Autonomous software agents are assumed to have different (possibly conflicting) objectives, able to sense their environments, update their states accordingly, and decide which actions to perform at any moment in time. The decision behavior of such software agents can be effective, practical and realistic only if they are able to continuously and adequately assess their (sensed) situation and update their states with relevant information and crucial objectives.
Emotion is generally understood as a (cognitive) mechanism that directs an agent’s thought and attention to what is relevant, important, and significant. Such a mechanism is crucial for the design of software agents that must operate in highly-dynamic, semi-predictable environments and which need mechanisms for allocating their computational resources efficiently. For example, a robot that aims at transporting a container may perceive its low battery charge. With an emotion-based decision module the robot may assess this as being relevant for its objective and decide to suspend its transportation, or to focus on a less battery demanding transport objective. Besides this emotions are also crucial to obtain so-called believable behavior in applications such as serious games / training programs, where NPCs should react in a more realistic way, so that the trainee can learn to behave in a way that is better aligned with reality.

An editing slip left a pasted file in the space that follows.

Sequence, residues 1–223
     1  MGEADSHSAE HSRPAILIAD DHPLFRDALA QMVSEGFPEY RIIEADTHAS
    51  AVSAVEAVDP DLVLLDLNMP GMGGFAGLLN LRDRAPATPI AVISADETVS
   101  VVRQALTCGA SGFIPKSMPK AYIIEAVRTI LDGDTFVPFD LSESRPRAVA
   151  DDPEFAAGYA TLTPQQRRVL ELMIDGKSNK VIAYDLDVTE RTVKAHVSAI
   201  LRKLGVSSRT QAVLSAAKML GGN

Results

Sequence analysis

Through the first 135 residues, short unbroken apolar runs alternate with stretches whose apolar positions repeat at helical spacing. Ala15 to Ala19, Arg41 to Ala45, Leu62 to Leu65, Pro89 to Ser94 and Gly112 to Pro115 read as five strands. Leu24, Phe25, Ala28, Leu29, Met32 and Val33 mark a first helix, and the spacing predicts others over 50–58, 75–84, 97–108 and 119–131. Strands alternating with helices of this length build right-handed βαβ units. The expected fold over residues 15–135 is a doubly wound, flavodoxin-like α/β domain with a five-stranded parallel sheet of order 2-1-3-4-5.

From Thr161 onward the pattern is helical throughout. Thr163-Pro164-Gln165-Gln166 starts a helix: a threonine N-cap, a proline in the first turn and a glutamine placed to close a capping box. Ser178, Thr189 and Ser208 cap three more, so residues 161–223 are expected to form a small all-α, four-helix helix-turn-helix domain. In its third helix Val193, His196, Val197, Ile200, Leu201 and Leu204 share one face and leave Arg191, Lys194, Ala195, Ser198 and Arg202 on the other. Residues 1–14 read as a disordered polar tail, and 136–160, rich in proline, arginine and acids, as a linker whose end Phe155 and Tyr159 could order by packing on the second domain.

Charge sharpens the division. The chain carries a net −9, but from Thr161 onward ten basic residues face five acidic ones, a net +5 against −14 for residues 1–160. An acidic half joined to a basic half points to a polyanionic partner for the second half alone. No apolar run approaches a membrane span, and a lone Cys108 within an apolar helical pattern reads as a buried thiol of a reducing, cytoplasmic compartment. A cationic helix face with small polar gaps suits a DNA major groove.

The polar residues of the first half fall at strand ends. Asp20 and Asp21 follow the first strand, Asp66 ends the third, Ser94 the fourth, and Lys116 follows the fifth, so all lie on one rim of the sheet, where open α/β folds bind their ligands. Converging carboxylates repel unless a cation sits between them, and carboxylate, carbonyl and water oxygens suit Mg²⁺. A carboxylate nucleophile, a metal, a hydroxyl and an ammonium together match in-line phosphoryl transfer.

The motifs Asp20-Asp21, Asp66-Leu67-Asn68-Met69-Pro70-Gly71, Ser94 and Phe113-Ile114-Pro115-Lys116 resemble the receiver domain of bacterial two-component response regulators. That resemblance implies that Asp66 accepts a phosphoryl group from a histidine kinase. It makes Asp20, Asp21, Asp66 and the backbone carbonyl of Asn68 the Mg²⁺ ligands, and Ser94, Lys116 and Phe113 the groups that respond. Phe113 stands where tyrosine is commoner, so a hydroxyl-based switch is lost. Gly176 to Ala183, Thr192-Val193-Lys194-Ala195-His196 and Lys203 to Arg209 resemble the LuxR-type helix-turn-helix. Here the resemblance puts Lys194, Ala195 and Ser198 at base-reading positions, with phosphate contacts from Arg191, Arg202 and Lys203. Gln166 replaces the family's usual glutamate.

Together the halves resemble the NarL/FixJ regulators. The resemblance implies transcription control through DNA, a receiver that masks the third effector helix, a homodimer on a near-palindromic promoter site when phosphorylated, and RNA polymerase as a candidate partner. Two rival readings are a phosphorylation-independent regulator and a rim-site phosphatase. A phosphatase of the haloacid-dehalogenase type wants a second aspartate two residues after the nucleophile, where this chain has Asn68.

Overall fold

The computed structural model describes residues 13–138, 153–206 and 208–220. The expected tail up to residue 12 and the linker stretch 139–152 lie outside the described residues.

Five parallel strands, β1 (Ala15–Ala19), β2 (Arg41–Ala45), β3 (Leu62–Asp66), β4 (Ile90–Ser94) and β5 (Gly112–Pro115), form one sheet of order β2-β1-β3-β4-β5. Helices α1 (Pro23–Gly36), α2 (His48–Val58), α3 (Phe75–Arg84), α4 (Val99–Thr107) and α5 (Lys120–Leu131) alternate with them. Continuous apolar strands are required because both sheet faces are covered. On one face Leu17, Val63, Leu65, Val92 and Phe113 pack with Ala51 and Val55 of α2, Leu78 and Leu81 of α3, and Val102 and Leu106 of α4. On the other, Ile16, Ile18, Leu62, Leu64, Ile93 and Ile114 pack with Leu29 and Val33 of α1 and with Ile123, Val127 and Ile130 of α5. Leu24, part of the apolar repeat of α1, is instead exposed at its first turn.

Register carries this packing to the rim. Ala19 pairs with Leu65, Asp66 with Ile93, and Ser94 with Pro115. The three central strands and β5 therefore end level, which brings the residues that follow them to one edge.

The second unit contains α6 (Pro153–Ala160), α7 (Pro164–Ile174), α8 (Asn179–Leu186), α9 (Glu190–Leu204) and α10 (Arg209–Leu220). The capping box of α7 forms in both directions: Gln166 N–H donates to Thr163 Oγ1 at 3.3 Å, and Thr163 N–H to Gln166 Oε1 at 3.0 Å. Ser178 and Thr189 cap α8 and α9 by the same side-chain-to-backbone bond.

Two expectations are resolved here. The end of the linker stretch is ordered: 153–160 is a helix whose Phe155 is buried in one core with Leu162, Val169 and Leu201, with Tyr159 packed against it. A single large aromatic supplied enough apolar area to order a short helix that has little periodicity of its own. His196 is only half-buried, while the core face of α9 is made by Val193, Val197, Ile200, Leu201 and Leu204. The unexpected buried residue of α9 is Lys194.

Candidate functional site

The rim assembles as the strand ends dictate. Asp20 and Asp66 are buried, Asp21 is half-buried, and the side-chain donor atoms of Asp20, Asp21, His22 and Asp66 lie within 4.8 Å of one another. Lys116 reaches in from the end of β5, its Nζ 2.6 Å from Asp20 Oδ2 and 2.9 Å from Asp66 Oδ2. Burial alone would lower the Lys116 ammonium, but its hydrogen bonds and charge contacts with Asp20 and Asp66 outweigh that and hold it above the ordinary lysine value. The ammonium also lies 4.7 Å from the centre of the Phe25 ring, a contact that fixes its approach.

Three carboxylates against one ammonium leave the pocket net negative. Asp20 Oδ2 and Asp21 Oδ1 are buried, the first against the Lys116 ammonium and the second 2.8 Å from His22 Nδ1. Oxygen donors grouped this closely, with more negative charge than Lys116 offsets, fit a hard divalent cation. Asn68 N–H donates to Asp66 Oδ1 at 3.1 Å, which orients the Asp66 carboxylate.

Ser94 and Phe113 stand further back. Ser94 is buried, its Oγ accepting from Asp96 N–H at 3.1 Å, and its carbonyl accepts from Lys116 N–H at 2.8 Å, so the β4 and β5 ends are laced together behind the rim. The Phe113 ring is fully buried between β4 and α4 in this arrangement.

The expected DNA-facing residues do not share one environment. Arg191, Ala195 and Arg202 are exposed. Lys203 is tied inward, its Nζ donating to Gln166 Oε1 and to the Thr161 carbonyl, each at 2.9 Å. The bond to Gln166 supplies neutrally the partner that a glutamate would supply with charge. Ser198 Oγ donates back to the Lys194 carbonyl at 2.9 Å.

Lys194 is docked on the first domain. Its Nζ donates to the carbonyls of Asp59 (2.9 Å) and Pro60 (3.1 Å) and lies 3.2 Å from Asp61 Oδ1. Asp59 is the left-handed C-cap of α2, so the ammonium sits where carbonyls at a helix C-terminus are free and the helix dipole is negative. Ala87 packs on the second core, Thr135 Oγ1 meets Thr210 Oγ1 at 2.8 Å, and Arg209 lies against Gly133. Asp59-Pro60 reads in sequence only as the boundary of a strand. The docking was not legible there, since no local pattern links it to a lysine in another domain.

Our group works on the foundations of intelligent agents, in particular logical theories to describe or specify software agents that are autonomous in the sense that they make their decisions based on their internal states and available options. Inspired by psychological theories of emotion, we develop formal and computational models of emotions, and integrate them in the software agent models. We investigate and formalize various aspects of emotions such as appraisal, experience and coping. We instantiate the emotion-based agent models to develop various applications such as emotional NPCs in serious games, e-coaches for lifestyle change/maintenance and treatment of diseases, and human-robot interactions.
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